Virginia: Bills that would have banned conversion therapy died in January, just six weeks after the first was introduced. During that time PFOX, a.k.a. Parents and Friends of Ex-Gays and Gays, erected a controversial billboard along I-95 in Richmond claiming that the existence of identical twins with different sexual orientations proves that people aren’t born gay. Kyle Roux, the model featured on the billboard, said he’s an “out and proud” gay man and does not have a twin, straight or otherwise.
STATES STILL CONSIDERING BANS ON CONVERSION THERAPY
In 2015, lawmakers in Arizona, Connecticut, Massachusetts, Minnesota, Ohio, Florida, Pennsylvania, and Vermont introduced bills on conversion therapy, but the legislation has yet to make much progress. Bills in the following states have seen more action.
Illinois: An effort to enact the Conversion Therapy Prohibition Act was launched earlier this year. The House bill was approved in committee last month and is scheduled to be considered by the full House this spring. Similar legislation failed in the House by a vote of 44–51 last year.
Iowa: A bill banning conversion therapy for minors was introduced in January by State Senator Matt McCoy, Iowa’s first openly gay legislator. Last month it was approved in committee, though every Republican voted against it. According to the Des Moines Register, “It’s doubtful the measure will pass this session, but gay rights activists hope to keep lobbying on the issue and win approval in 2016.”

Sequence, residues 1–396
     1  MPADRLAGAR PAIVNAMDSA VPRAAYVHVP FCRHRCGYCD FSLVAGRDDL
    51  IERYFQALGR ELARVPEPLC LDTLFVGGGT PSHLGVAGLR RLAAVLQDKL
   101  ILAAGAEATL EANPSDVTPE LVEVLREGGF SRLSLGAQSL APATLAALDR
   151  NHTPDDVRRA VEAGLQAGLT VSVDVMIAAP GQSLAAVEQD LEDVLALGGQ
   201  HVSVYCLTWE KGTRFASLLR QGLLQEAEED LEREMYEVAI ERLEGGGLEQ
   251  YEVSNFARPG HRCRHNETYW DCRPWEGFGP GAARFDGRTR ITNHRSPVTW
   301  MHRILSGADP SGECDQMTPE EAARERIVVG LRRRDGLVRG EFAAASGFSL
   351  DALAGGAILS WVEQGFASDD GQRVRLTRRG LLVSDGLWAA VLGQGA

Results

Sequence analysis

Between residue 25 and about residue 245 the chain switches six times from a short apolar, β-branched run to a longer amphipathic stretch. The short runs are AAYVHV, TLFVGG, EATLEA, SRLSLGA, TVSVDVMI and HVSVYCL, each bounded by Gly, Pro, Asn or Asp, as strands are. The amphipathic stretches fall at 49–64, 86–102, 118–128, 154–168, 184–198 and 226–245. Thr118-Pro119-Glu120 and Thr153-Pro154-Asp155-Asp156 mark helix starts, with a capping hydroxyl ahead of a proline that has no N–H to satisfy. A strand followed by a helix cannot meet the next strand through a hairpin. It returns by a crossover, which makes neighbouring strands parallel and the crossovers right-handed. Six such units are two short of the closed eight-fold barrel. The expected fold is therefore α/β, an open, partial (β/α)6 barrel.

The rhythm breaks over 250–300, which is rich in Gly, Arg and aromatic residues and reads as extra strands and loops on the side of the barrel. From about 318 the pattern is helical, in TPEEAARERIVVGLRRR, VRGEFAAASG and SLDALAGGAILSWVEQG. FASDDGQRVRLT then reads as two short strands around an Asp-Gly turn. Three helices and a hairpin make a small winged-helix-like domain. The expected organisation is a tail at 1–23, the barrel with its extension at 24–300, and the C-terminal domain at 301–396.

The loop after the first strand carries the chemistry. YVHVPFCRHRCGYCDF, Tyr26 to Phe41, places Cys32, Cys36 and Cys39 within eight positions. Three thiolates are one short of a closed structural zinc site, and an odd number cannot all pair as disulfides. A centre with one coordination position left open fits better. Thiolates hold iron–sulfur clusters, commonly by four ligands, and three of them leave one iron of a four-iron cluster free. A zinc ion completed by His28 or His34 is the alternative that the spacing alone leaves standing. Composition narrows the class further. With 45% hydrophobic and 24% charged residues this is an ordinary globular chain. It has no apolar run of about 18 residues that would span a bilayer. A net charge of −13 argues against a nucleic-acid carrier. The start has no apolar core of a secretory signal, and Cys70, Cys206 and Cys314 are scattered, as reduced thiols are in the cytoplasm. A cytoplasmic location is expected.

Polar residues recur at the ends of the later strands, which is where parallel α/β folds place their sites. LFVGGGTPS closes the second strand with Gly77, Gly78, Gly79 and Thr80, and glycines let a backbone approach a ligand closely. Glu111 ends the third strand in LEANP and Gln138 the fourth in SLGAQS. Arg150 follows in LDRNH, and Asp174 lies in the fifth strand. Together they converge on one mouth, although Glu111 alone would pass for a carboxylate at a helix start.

Nevada: This week a Nevada Assembly committee reviewed legislation that would ban conversion therapy and allow anyone subjected to the therapy as a minor to sue. The committee has not acted on the bill.
New York: Last summer New York’s Assembly passed legislation prohibiting the use of conversion therapy on minors by a vote of 86 to 28, but Republican Senate leaders let the legislative session end without voting on the measure. “This bill had the votes to pass the Senate, virtually unanimous support from mental health professionals, and was modeled after legislation passed with bi-partisan support in California and New Jersey, where it was signed by Republican Gov. Chris Christie,” said Senator Brad Hoylman, the chamber’s only openly gay member. Similar legislation was refiled this year.
Oregon: Last month the Oregon House of Representatives voted 41–18 to outlaw conversion therapy. Now the bill will be considered by the Senate.
Rhode Island: Efforts to ban the therapy failed in recent years, and the prospects of passing legislation introduced this year don’t look good. After considering the Prevention of Conversion Therapy for Children Act, last month the Rhode Island Senate Committee of Health and Human Services voted that the measure should be “held for further study.”
Texas: Last month LGBT advocates were relieved that a bill opposing conversion therapy was introduced in the Texas legislature. They had worried that Texas legislators would push legislation supporting the treatment because last summer the Texas Republican Party adopted a plank recognizing “the legitimacy and efficacy of counseling, which offers reparative therapy and treatment for those patients seeking healing and wholeness from their homosexual lifestyle.”